What if a Tour player said he was gay? A major champ weighs in

By Jason SobelMay 1, 2013, 2:19 pm

CHARLOTTE, N.C. – One big aftereffect of NBA player Jason Collins’ announcement on Monday that he is gay – becoming the first current athlete in a major American team sport has come out publicly – is that it’s sparked discussions as to how athletes in other sports would react to a fellow player making a similar declaration. Even in golf. Even on the PGA Tour. Even in an idling courtesy car of a major champion who felt the need to expand upon earlier statements.

There has never been an openly gay PGA Tour member, which raises the question about the potential reaction.

Upon arriving at Quail Hollow Club on Tuesday, the first player I saw was Webb Simpson – and I asked him that question. It was part of his pre-tournament interview session with the media, admittedly mixed awkwardly among questions about the state of the Quail Hollow greens, his upcoming U.S. Open title defense and playing a home game here this week.

Still, the 27-year-old pro handled the query with all the deftness of an uphill 3-foot putt.

“I hope they would respond in a respectful way,” he said. “We've got a lot of personalities out on Tour, so I know if it happened, I would hope that everyone would not do anything to make the person feel bad or to put them down. That's the way I think of our Tour. Our Tour is a place where guys know each other and see each other every week. It's different than the NBA. You've got your one small team, but the Tour is kind of like a big family.”

Maybe that was the expected response, but it was also thoughtful and sincere.

The surprising part came 15 minutes later. My cellphone buzzed and it was Simpson, who wanted to further discuss the issue. This wasn’t an instance of a player attempting to retract his comments or more clearly define his point of view. He just wanted the forum to expand on his thoughts about how such a revelation would be received on golf’s highest level.

So we ducked into his courtesy car and Simpson began expanding.

“If you asked every player, you’d have a few different responses,” he said. “I think there would be guys who just wouldn’t care one way or the other. They wouldn’t want to talk about it, wouldn’t want to go there; it’s a non-issue to them.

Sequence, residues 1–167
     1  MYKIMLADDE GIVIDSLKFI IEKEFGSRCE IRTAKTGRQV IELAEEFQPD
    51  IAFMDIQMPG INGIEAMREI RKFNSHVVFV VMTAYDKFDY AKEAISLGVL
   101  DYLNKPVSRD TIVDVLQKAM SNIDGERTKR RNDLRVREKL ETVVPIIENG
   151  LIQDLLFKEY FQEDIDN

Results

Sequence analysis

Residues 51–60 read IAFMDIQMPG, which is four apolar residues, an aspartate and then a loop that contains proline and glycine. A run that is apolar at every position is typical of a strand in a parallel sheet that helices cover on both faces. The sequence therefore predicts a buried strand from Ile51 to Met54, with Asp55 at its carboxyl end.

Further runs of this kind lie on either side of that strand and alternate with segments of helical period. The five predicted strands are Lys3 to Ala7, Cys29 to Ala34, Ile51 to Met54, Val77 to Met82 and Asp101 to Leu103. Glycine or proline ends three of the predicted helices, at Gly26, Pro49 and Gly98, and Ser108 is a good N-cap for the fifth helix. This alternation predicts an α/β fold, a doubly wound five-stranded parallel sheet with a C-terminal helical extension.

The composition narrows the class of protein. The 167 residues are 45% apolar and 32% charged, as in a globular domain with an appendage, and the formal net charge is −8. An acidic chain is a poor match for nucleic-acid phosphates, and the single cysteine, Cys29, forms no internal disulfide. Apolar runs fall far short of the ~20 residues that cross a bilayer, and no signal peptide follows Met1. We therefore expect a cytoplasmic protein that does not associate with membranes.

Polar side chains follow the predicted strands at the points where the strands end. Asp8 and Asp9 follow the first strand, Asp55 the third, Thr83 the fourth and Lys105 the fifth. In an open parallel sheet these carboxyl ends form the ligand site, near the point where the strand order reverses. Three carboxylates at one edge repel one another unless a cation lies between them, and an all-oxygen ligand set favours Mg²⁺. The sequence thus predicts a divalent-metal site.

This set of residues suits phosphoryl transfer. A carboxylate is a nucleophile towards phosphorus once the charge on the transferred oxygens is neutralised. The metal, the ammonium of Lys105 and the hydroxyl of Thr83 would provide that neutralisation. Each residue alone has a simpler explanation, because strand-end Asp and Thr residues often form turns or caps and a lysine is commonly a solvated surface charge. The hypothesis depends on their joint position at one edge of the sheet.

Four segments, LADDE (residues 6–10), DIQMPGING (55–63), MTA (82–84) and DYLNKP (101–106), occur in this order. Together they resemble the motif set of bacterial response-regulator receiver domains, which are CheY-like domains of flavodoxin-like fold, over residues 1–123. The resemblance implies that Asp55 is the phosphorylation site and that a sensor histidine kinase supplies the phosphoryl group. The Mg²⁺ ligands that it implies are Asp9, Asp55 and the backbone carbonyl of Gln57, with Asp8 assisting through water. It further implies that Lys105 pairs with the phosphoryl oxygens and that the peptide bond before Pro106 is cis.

“I think there would be a group who would applaud it. They would see courage in them coming out and be proud of them.

“And I think you’d have another camp that would be against it. Whether it’s their beliefs or values they’ve grown up with, I think you’d have a camp that would be against it, as well.”

True to his words, when some of his peers were questioned on the same topic – not for their personal thoughts about one of their own coming out on Tour, but as part of the general consensus – few offered no comment, few declined to speculate on what is for now a hypothetical situation and others felt indifferent toward the issue.

“I don’t think it would be a problem,” Bo Van Pelt stated. “To each his own. It doesn’t really have any effect on my life, so I don’t see what the problem would be. It’s the evolution of the time that we’re in. I think we’re going to get to the point pretty soon where you don’t even have to talk about stuff like this.”

It’s been nine years since 13-time LPGA champion Rosie Jones wrote a New York Times article announcing she is gay. This was just prior to the 2004 Kraft Nabisco Championship, and Jones remembers receiving enormous amounts of support from the LPGA, its players, sponsors and fans.

She believes that such a disclosure by a male player on the highest circuit may not be afforded the same luxuries.

“It wouldn’t surprise me at all if there are a couple of gay guys on the PGA Tour,” Jones speculated. “I don’t know if there are any, but there probably are. … As far as the sexuality goes, I think it’s harder there because guys scrutinize that a lot more. I think it would be really hard.”